"Honey, don't worry," I said to my husband as I kissed him good-bye. "Got lots of things planned for the kids today."
But it wouldn't be okay. While he was at work, I was alone with my three little boys. My insecurities blasted me like the cold drafts in St. Louis winters. And those silent shortcomings added to the unexpected and painful interruptions in my day.
I stood at the kitchen sink. "I'm okay, honey," I said to my seven-year-old son, Jason, as I pressed a piece of ice to my forehead.
"Are you crying?" he asked.
I brushed a tear off my cheek and nodded as my heart ached. How could I tell my three little boys that their mommy's vision was diminishing? They would never understand about incurable retinal disease or the fact that I inherited it from their grandfather.
For the moment, the tiny field of vision I still had ushered me from task to task as their mommy.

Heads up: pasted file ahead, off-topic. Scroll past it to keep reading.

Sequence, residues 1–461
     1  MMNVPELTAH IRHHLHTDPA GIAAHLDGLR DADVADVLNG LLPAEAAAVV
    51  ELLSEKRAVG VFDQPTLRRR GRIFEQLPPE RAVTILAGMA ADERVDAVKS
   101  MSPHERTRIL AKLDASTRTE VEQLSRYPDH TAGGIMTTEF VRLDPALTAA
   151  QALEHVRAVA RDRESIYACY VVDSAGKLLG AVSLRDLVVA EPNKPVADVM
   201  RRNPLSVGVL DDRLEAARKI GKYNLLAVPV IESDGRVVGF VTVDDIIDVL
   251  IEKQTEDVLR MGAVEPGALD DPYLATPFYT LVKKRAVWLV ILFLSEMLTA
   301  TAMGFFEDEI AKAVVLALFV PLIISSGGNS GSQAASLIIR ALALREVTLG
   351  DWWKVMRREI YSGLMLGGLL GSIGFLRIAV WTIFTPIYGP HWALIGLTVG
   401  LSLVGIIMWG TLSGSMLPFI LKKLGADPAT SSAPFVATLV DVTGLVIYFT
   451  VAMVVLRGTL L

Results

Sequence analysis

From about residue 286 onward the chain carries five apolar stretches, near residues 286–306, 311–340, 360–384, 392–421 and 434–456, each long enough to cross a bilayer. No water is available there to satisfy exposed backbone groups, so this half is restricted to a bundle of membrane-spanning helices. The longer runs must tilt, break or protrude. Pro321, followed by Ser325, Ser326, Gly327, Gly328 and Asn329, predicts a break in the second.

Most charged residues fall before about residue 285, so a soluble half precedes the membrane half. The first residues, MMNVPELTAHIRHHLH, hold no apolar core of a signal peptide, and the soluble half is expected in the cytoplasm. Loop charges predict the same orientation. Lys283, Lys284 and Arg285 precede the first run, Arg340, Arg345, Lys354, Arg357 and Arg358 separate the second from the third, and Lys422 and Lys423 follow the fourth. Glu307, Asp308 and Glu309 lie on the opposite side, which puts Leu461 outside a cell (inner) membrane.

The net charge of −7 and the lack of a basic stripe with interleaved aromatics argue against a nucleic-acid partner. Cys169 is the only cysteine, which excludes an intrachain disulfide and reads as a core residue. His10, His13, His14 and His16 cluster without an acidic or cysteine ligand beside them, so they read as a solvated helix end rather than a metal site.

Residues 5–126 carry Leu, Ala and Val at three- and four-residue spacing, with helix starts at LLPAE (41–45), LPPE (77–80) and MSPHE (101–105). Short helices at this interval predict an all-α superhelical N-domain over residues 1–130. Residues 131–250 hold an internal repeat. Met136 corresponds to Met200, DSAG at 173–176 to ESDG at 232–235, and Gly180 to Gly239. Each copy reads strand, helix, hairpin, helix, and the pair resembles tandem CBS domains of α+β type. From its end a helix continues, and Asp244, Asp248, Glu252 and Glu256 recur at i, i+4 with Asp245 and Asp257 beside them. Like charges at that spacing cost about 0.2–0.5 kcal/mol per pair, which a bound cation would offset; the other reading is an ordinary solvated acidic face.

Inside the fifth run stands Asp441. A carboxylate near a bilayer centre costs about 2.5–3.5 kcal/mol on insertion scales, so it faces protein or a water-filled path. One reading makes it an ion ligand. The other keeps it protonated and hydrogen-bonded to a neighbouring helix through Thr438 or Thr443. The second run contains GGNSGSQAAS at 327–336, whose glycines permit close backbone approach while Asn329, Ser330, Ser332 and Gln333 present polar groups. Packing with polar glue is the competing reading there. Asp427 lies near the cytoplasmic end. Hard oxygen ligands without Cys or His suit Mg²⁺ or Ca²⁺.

Pressing ice to my forehead to dull the pain, I sat on the couch in our family room. And while they all romped in the backyard, I made the decision. My limited eyesight wouldn't interfere in my role as their mom. On the contrary, I'd use each episode to teach them about life.
"You have a bump on your forehead," Jason said when he came inside. I had removed the ice and the spot still throbbed.
"I do," I said matter-of-factly. "There's a lump, but I didn't fall down. I'm really okay. In life we all have bumps in the road. We'll run into things we never expected to be there. I run into things because I can't see too well." I pulled him closer. "As you grow up, you'll probably have obstacles too. And when you do, guess what? God is already watching over you. Sometimes he allows a bump, but if you trust in him, he'll never let you fall."
Each time I faced a challenge, I found lessons for each of them. My three-year-old brought a book for me to read to him—at least attempt to read with my limited vision. I sat him on my lap and opened it to the first page.
"Mommy it's upside down," he said as he turned the book in my hands.
"That was the wrong way, wasn't it?" I turned his chubby cheek toward me. "Can you tell me other things that you know are wrong?"
"When I hit Jeff?" he asked.
Months swept by, and the dreaded day came. I woke up and tried to fix my eyes on an object, but I saw nothing. I turned to the right, to the left; I squinted but saw no shadows, colors, or shapes. I was totally blind.